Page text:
It’s easy for us information systems professionals to listen to a story about some other company’s data quality issue and how it cost them thousands (or millions) of dollars and feel relieved because we believe "that particular affliction cannot happen here." In fact, we probably believe that it is even more remote that we can be the cause of a data quality problem. However, I took an informal survey at a recent conference which revealed a different story.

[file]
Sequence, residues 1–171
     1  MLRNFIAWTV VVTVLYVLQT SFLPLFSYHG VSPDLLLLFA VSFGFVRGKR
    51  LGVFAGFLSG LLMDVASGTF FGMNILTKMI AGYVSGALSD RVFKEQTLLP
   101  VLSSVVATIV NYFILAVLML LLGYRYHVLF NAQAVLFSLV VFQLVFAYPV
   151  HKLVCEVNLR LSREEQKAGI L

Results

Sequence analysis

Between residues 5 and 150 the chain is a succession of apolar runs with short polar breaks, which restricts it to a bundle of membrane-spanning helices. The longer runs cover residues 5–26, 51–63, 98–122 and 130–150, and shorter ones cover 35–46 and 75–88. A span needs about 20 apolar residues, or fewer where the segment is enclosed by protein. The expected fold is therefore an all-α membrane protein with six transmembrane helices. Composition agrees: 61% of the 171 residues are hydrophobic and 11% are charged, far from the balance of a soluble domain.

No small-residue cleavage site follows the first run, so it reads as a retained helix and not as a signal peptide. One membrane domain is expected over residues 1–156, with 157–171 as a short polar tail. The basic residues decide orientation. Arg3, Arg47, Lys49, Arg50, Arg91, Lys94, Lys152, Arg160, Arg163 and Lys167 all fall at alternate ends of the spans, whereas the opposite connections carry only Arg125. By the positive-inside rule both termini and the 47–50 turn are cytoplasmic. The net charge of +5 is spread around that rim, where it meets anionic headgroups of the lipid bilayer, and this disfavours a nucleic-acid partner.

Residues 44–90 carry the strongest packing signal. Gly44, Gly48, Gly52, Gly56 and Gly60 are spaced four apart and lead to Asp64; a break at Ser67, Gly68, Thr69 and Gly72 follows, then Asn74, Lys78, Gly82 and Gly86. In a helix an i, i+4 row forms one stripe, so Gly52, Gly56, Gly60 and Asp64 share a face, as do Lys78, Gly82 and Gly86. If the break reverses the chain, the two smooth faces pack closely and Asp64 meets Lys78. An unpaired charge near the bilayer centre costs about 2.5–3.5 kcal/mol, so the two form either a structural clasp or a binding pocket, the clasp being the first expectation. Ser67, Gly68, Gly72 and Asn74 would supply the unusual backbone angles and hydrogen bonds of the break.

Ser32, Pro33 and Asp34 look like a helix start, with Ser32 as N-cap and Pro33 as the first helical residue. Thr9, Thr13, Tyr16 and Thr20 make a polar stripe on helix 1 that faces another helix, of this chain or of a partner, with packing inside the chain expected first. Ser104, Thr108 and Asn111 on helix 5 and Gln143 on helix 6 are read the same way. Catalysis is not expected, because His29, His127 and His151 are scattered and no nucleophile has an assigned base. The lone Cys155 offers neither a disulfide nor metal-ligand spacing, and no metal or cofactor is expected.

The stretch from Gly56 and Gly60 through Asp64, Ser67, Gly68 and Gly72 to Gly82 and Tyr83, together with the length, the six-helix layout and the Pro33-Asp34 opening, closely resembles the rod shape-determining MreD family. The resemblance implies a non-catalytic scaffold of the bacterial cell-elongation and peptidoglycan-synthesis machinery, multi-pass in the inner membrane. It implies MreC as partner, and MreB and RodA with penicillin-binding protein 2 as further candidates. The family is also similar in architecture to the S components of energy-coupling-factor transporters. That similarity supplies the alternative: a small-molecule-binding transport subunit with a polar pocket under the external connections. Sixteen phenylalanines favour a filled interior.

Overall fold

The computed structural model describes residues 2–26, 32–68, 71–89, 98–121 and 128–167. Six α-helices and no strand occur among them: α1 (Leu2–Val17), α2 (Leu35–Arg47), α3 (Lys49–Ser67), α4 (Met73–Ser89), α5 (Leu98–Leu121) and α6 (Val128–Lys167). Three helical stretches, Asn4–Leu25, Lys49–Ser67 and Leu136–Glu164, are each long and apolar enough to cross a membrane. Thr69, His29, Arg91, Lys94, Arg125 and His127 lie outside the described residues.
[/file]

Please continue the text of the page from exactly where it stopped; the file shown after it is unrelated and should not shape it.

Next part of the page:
There is an information system which many of us use of on a month-to-month basis. In using this system, each of us participates in one or more of the following functions: accounts receivable, accounts payable, auditing and tax appropriation. That’s right, it’s your checkbook. In my family, my wife Linda and I share a single checking account. Linda usually carries the checkbook and writes most of the checks. Occasionally, I’ll take it with me to the supermarket. Like me, most of the folks in my informal survey acknowledged that we might be a little "loose and fast" when it comes to entering data into our checkbook ledgers. In my case, when I’m at the supermarket, I hastily enter an amount into the ledger, but not the check number or the party the check was written to. Some people acknowledged that they forget to enter checks at all and, in some cases, the wrong amount might be entered. (As I write this column, my college-bound son, Michael, reminds me that he forgot to enter an ATM withdrawal into his checkbook.)
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